Somehow, my Nerd Detector failed to sound the alarm and I missed the 30th Anniversary of “Banned Books Week, sponsored by the American Library Association.  I clicked on an article and began to read, assuming it would entail a sad but concluded history of censorship in this country, only to learn, it’s far from over.  I encourage you to click on the highlighted text and educate yourself on a list of banned books you’ll never believe are being kept from our kids, along with how and why books are banned.

This is particularly disturbing to me for deeply personal reasons.  I’ve spent a lifetime whining incessantly about the perils of being born last into a very large family, what with hand-me-downs, worn out shoes I had to consider ‘new’, sharing a bed with more than one sibling, and the like.  It would be unfair of me not to share the best advantage of being born last in line… everyone read to me when I was little.  We were profoundly poor but used books filled our home.  The very best hand-me-downs I received were the books my brothers and sisters had outgrown and tired of.  What I lacked in privacy or material goods vanished in the world of books.

No one believes me when I tell them I could read with

The Nazis burned books to control the people

comprehension by the age of three, but my family will steadfastly assure you, I’m telling the truth.  Between family members and the elderly Czech neighbor who was like a grandfather to me, I became fluent in the language of books well before I entered school.  To the dismay of my Kindergarten teacher, my Adventures with Dick and Jane were an absolute bore since I was well into The Bobbsey Twins and Nancy Drew.  By 3rd and 4th Grade, I had already begun to consume Mark Twain and Robinson Crusoe and Gulliver’s Travels.  I was then swallowed into the world of Charles Dickens and Lewis Carroll and Robert Louis Stevenson.  In retrospect, I look back upon these books as my rescuers.

Today, church "leaders", so afraid of a children's book, are burning copies of the "Harry Potter" series.

When I was 12, my father and closest confidante died suddenly and unexpectedly.  That same year, I fell victim to a pedophile and after my father’s death, my mother became deeply depressed and permanently detached.  I could have felt completely alone in the world, but through it all, I never felt alone because I had books.  I had books that would take me around the world to the most exotic places.  They were filled with brave and adventurous people who carried me with them on their exciting journeys. Those books would later become the impetus for my world travels and the events within those pages taught me that worldly struggles were not mine and mine alone.  My sister Barbie will tell you, it was unheard of for me not to be reading, or at the very least, carrying a book.  That habit became a bone of contention with my mother who would bitterly admonish me to “get your nose out of that book and do something useful!” When she wanted to punish me, she would confiscate my books.  That lead me to the practice of creating a secret hiding place for my book stash.  There was an old and long forgotten wooden box in the barn.  I had swiped some heavy plastic used to cover the windows of the old farm house that shielded us from the brutal howling winds of the Iowa prairie in January.  I would carefully wrap each book and hide them in the wooden box to protect them from the moisture and the field mice and my mother.  No matter what happened to me in this world, my other world was lovingly protected in plastic and safely secured in that box.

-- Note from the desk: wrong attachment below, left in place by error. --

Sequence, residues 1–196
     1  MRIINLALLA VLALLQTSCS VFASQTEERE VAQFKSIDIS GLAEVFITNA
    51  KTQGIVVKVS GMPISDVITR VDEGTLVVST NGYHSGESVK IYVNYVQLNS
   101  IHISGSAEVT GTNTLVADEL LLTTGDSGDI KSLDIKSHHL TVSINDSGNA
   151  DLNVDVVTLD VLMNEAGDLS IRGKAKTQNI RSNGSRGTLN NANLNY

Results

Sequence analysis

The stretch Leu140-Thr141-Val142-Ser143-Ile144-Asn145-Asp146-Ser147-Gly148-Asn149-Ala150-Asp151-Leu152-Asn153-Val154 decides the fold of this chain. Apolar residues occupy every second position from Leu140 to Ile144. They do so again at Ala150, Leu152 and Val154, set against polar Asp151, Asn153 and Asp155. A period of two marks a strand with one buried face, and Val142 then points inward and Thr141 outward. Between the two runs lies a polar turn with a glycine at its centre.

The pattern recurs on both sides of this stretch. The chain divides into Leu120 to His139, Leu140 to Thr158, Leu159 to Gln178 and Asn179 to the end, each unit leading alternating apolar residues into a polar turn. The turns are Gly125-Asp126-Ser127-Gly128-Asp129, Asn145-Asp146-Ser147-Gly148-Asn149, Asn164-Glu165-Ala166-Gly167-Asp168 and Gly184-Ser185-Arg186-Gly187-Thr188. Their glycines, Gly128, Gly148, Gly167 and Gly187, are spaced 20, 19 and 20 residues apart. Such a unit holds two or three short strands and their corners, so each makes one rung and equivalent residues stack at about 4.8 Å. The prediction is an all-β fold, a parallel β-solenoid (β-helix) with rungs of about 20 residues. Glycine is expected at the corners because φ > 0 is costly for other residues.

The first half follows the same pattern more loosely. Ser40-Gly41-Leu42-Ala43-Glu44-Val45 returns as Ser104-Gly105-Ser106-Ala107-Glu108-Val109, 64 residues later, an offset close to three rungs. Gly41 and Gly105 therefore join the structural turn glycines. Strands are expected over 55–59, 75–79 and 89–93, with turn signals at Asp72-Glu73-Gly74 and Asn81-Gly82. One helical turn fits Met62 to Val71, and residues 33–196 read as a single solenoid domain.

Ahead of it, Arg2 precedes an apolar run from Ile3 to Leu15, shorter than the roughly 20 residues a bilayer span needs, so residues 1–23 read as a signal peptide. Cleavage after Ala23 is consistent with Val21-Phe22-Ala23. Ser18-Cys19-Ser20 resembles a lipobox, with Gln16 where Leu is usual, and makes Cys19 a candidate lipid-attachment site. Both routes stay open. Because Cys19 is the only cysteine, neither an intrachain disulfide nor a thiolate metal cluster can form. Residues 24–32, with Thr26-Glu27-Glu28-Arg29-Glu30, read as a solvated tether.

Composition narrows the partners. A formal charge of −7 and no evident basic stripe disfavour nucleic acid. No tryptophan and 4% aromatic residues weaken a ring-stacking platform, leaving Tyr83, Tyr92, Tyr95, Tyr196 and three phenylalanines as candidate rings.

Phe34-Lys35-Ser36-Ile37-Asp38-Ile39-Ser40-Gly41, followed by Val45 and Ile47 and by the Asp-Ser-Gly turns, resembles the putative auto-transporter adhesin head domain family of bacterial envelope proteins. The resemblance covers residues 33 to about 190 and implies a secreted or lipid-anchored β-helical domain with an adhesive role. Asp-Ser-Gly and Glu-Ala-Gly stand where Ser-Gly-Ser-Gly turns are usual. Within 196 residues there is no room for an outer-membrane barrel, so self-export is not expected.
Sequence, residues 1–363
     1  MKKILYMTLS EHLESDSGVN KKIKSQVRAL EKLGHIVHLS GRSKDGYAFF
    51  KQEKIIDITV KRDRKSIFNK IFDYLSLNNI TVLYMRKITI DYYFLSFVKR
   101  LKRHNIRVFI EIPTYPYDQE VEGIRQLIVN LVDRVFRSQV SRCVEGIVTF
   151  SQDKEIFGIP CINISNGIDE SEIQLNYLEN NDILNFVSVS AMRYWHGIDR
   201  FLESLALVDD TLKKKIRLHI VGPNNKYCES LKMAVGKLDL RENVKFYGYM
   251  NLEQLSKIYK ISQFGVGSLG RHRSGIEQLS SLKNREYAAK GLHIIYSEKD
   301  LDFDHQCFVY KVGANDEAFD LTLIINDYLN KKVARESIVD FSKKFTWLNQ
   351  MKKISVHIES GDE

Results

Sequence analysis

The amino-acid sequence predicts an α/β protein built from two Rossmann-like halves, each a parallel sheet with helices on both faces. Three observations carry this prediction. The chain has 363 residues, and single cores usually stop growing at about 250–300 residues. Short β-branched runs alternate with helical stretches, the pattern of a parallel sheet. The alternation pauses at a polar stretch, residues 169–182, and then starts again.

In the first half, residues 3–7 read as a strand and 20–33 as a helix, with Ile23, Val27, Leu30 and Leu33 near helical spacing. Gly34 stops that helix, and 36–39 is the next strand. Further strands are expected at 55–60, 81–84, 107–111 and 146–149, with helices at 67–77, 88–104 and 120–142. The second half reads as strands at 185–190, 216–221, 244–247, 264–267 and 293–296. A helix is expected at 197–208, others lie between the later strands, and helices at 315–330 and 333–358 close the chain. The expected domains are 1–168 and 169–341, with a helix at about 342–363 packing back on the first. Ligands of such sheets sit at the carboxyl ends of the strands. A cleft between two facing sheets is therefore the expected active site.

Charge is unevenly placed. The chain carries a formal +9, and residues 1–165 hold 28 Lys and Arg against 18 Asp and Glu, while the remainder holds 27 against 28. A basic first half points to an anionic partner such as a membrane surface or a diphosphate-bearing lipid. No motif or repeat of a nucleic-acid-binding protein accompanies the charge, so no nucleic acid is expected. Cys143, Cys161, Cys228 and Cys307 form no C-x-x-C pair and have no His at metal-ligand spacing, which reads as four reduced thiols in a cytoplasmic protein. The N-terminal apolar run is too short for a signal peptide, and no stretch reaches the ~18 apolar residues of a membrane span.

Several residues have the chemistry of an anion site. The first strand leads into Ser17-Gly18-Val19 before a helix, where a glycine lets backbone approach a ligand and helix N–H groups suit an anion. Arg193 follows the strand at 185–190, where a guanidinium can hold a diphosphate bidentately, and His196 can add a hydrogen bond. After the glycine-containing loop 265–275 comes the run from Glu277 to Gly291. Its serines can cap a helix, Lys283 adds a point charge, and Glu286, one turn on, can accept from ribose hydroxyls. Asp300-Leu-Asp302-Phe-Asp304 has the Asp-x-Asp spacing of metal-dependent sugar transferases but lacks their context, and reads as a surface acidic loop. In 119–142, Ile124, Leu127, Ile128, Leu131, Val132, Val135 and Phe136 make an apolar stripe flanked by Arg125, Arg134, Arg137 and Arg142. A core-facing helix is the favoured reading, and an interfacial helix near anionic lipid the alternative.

The school library - my sanctuary. My sanity was on those shelves.

When I entered high school, I begged, from the first day of my freshman year, for a job in the library.  In our tiny rural school, there were no student assistants in the library.  But after months of constant badgering, and because of my stellar grades, I was granted an hour a day in the school library to check books in and out, return books to their proper shelf, and of course, to continue my clandestine search for the next great read.